3 Who is left among you who saw this temple in its former glory? And how do you see it now? Does it not seem to you like nothing in comparison?
The fact is, the second temple was not to be compared with Solomon’s temple. It was only when King Herod rebuilt it, stone upon stone, that it was brought to its place of grandeur that Jesus’ disciples admired. Herod began to renovate the temple in 18 B.C., and it was not completely finished until 65 A.D., just one year before the Jewish Revolt began and just five years before the temple’s destruction.
The fact is that God’s word to Haggai did not apply to the second temple that was completed in his day. It was clear that that temple was not more glorious than Solomon’s temple. One had to see the glory with the eye of faith, which indicates that the true temple was not made with hands but was a spiritual temple, “being built together into a dwelling of God in the Spirit” (Eph. 2:22).
The disciples were impressed, not only with the beautiful stones of the temple, but also with the “votive gifts” that were being offered. Jesus’ prophecy of the destruction of the temple meant that the thirteen “trumpets” and the rich gifts being placed in them would cease as well.
So Luke has an interesting choice of words, which no doubt he understood to be prophetic. The word translated “votive gifts” is the Greek word anathema, a word which is the equivalent to the Hebrew word cherem, “devoted.” It is used in Josh. 6:17, where it speaks of the city of Jericho, “the city shall be under the ban [cherem]” (NASB). The KJV renders it “the city shall be accursed.” It literally reads, “the city shall be devoted,” according to the laws of devotion in Lev. 27:28,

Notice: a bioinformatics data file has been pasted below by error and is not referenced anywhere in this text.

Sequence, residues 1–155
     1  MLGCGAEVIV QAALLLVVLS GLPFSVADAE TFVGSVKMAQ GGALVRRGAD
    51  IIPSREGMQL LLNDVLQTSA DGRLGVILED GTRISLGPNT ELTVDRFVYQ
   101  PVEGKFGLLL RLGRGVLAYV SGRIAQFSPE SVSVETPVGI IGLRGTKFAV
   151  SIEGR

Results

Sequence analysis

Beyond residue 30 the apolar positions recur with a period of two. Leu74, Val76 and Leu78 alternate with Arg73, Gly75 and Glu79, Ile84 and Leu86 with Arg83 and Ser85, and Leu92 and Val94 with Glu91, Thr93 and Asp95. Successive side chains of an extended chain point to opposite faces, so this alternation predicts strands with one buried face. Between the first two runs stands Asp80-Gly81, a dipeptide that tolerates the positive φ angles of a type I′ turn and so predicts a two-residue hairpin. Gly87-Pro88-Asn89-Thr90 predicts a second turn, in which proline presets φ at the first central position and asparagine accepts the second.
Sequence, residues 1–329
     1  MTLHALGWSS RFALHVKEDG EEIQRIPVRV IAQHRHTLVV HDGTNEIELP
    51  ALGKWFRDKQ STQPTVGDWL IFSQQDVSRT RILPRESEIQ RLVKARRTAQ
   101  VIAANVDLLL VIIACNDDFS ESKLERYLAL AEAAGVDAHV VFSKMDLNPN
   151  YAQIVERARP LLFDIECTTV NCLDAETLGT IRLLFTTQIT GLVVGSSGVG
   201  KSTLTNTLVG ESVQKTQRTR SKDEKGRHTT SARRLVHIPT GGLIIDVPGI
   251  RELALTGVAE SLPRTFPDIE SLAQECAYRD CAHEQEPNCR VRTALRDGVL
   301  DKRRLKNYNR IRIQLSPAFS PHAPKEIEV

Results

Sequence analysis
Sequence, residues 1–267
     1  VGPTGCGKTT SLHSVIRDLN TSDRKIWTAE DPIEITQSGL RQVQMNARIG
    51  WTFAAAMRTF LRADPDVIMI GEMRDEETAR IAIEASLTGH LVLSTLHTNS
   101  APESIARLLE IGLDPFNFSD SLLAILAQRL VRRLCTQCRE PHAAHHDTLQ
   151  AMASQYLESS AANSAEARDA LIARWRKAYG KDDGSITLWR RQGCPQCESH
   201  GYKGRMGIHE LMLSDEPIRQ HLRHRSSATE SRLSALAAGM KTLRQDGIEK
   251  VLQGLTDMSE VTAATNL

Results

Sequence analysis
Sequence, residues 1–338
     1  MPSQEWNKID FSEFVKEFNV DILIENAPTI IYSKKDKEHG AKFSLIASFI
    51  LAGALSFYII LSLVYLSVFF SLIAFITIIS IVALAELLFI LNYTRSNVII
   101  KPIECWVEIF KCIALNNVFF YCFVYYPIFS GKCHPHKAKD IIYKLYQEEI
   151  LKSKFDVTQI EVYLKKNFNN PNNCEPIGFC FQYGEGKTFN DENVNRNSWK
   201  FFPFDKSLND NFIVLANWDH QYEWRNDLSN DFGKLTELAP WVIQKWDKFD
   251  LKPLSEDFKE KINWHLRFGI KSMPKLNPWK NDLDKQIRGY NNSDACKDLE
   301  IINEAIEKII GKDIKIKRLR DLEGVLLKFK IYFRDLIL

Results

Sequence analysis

28 Nevertheless, anything which a man sets apart to the Lord out of all that he has, of man or animal or of the fields of his own property, shall not be sold or redeemed. Anything devoted to destruction is most holy to the Lord.
To “devote” something to God is to put it into God’s hands to be used or treated according to the divine will. The root word for cherem means “to seclude.” There were some offerings that were “devoted” to God, and once devoted, they could not be taken back (or redeemed) into the hands of the original owner. These were votive offerings in a positive sense. But some things were devoted to destruction.
The city of Jericho is a negative example of devotion. God required the destruction of Jericho, for it was a prophetic type of Babylon. In this case, it was God’s will that the devoted city would be destroyed. The KJV translation “accursed” is only accurate if God has cursed it. Obviously, in the case of offerings devoted to God, those offerings were only “accursed” if they were unacceptable to God for some reason.
In the case of the “votive offerings” in Luke 21:5, the widow’s tiny offering was accepted by God, while the larger offerings of the rich scribes was accursed. The temple itself, along with its courtyard was also cherem. That means the entire site was devoted to God, giving God the lawful right either to accept it as holy or to curse it and destroy it, along with all of its offerings.